CSG Solar AG

Thalheim, Germany

Day4 Energy EnerWorks

Vancouver, BC, Canada London, ON, Canada

Chrysalix Energy; British Columbia Discovery Fund Chrysalix; Investeco Capital

32

33

G24 Innovations (G24i) Hydrogen Solar Jiamgsu Shunda Group Orionsolar Solarcentury Holdings Ltd

Cardiff, Wales UK China Jerusalem, Israel London, UK

non-silicon-based cells; cells based on colored dye and titanium oxide crystals which are used to copy photosynthesis; estimated at 1/5 price of silicon cells; working with mobile phone companies to test whether cells could be used to charge handsets in rural Africa; plan to sell inexpensive devices (for light bulb or cell phone charging) in poor regions of India and Africa to jumpstart sales uses sunlight to generate hydrogen fuel makes 6" and 8" monocrystalline silicon ingots used in solar power cells uses dye cell nanotechnology which does not use silicon; trying to build a low-cost energy panel designs and installs solar modules

Renewable Capital E-Synergy Actis; JOLMO Capital Management; Waichun 21 Ventures LLC VantagePoint Venture Partners

Formerly privately held/VC funded companies that have gone public
Firm Location US Contribution to solar market Investors (or past investors) Year of IPO

Evergreen Solar

Marlboro, MA

rooftop panel manufacturer; uses conventional silicon but in a new, more frugal fashion that uses 30% less cadmium telluride-based solar panels (efficiency lower than silicon models, but manufacturing cost is much lower, so price per watt is lower); ground-based, large commercial systems; hopes to be grid competitive by 2010

Nth Power; RockPort; Arete Corp; SAM Private Equity; Zero Stage Capital Co; Rockefeller & Co Inc; Perseus LLC; CDP Capital Technology Ventures; Massachusetts Renewable Energy Trust; Impax Asset Management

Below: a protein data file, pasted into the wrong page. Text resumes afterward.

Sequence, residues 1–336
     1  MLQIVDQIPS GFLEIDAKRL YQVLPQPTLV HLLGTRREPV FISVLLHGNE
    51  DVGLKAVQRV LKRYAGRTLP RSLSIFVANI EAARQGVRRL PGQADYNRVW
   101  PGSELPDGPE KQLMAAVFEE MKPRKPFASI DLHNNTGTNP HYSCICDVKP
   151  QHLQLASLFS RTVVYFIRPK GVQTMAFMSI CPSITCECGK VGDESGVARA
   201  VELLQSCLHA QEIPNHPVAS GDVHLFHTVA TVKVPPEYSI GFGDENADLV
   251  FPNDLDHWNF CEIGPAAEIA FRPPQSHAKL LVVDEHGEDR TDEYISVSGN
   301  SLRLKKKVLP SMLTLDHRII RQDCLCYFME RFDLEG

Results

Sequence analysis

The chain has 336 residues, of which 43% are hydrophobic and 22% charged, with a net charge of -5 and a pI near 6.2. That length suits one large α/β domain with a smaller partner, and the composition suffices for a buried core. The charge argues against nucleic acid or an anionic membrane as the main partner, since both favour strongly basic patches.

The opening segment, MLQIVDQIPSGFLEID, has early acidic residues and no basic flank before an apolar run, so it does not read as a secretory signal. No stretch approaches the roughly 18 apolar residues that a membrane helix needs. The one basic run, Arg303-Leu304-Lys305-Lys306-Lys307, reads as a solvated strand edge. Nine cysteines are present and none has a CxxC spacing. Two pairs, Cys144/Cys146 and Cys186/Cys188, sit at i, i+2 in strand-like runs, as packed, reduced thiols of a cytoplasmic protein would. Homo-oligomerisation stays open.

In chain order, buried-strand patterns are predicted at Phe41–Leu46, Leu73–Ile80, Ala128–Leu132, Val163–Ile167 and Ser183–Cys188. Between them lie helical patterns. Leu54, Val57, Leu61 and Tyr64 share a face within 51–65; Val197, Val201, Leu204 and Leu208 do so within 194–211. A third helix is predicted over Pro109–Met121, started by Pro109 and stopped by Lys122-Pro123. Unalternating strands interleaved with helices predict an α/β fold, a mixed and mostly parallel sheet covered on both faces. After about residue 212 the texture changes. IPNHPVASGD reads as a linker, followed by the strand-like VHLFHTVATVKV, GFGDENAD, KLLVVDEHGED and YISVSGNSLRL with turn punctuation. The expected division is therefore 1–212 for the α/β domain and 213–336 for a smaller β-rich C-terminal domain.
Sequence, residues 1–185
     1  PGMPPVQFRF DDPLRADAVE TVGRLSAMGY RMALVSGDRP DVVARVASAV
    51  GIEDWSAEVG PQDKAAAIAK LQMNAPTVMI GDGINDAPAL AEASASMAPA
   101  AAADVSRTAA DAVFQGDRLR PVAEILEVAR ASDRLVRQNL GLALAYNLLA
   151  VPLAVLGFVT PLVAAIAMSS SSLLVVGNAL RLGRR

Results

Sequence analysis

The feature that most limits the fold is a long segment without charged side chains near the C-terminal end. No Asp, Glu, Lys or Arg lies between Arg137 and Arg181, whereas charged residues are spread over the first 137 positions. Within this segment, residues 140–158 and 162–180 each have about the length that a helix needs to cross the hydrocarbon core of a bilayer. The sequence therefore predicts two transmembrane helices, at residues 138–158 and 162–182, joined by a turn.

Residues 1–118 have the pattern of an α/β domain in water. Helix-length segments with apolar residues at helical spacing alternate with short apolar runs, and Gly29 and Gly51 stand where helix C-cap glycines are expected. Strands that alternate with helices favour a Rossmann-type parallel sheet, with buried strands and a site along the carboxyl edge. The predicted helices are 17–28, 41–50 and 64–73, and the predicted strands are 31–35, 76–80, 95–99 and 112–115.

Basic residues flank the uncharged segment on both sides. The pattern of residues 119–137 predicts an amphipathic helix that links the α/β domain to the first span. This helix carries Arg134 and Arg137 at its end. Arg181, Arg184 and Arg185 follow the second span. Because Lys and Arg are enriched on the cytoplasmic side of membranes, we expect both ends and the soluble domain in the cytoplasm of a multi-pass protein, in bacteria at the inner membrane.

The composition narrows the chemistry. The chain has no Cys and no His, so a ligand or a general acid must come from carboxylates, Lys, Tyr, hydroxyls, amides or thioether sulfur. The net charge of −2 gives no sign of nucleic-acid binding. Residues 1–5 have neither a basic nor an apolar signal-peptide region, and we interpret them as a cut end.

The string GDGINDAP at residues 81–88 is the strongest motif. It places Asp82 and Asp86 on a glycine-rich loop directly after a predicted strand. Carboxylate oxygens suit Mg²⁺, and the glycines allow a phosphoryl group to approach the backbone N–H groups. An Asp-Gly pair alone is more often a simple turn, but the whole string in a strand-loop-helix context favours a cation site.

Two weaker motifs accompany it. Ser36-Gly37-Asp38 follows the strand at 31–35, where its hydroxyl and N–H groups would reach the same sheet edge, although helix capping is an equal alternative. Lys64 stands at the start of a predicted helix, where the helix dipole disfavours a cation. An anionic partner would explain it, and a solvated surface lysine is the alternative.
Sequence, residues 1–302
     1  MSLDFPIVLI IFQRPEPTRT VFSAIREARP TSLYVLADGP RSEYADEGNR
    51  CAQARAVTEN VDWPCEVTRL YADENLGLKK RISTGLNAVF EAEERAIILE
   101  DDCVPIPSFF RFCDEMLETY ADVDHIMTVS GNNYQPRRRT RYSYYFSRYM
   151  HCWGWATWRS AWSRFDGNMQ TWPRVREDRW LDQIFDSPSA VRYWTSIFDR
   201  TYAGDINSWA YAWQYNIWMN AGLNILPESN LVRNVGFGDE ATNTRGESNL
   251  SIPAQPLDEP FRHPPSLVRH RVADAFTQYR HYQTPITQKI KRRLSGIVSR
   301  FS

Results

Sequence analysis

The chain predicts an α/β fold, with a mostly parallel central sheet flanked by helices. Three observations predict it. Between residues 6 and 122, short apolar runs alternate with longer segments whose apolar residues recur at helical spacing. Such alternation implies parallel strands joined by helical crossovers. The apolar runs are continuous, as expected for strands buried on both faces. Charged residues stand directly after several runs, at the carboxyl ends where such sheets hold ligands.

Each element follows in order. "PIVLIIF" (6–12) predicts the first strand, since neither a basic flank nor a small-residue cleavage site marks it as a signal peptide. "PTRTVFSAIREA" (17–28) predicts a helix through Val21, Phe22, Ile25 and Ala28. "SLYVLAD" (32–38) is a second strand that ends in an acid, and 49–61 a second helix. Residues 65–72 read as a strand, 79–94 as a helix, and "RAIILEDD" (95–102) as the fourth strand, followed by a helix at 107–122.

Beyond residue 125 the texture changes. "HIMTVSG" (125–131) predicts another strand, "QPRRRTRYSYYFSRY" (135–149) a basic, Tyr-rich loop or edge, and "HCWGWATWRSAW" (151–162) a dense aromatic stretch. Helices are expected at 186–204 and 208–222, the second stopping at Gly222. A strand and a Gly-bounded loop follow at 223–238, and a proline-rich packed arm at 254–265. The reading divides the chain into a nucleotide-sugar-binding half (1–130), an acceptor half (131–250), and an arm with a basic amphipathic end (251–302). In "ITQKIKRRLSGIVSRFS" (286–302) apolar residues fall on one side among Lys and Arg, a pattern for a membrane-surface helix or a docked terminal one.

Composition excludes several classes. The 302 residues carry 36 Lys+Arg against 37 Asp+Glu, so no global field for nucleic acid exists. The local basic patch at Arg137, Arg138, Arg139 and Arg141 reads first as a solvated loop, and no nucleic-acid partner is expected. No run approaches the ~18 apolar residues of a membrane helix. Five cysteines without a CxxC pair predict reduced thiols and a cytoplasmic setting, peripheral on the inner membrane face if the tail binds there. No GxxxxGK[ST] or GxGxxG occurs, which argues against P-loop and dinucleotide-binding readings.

2000

First Solar

Phoenix, AZ

2006 Associated Venture Investors; Technology Funding Inc; Nipsco Development Co; Honda Motor Co, Ltd; Cypress Semiconductor Corp bought it in 2002

SunPower Corp PV Crystalix Solar

Sunnyvale & San Jose, CA Non-US Oxford, UK; Germany

manufactures silicon solar cells on large scale

2005

manufactures silicon components for solar electricity industry

Ventizz

2007

33

34

Q-Cells AG SunTech Power

Thalheim, Germany Wuxi, China

one of the world's largest solar manufacturers large scale solar cell manufacturer

Apax Partners; Good Energies Inc Actis; Goldman Sachs; Dragon Tech Ventures

2005 (Apax made largest gain by VC group since collapse of dotcom bubble) 2005

34

35

NOTES
1

The United States and the United Kingdom currently have clean energy initiatives to help developing countries finance the development and use of renewable energy. The plan outlined in this chapter is specific to Africa, and emphasizes the need to link technology development in the United States with businesses and governments in sub-Saharan Africa. 2 As surveys vary slightly from country to country, not all twenty-seven countries are represented in every chart. For more information on the Enterprise Surveys, see www. enterprisesurveys.org. 3 See Barder (2005), and chapter X by David Wheeler in this book. 4 Intermediate Technology Development Group (ITDG)/Practical Action, www.itdg.org/?id=micro_hydro 5 For more details, see www.namtheun2.com. 6 Many of the locations that would be ideal for road or power projects in Africa are also of great importance from a conservation point of view. But we now have detailed information that we can use to substantially mitigate the effects of new construction. A database compiled by the Global Environment Facility, the World Bank’s Development Research Group, and the World Conservation Union contains information about habitats and other data relating to 5,329 amphibians, 4,612 mammals and 1,098 endangered birds. These data enable the overlay of biodiversity maps with potential road networks to identify sensitive zones (Buys et al. 2006). More generally, the United States can tap into the considerable expertise on biodiversity that exists within its scientific community to make sure that conservation planning is a mandatory component of infrastructure projects in Africa.

35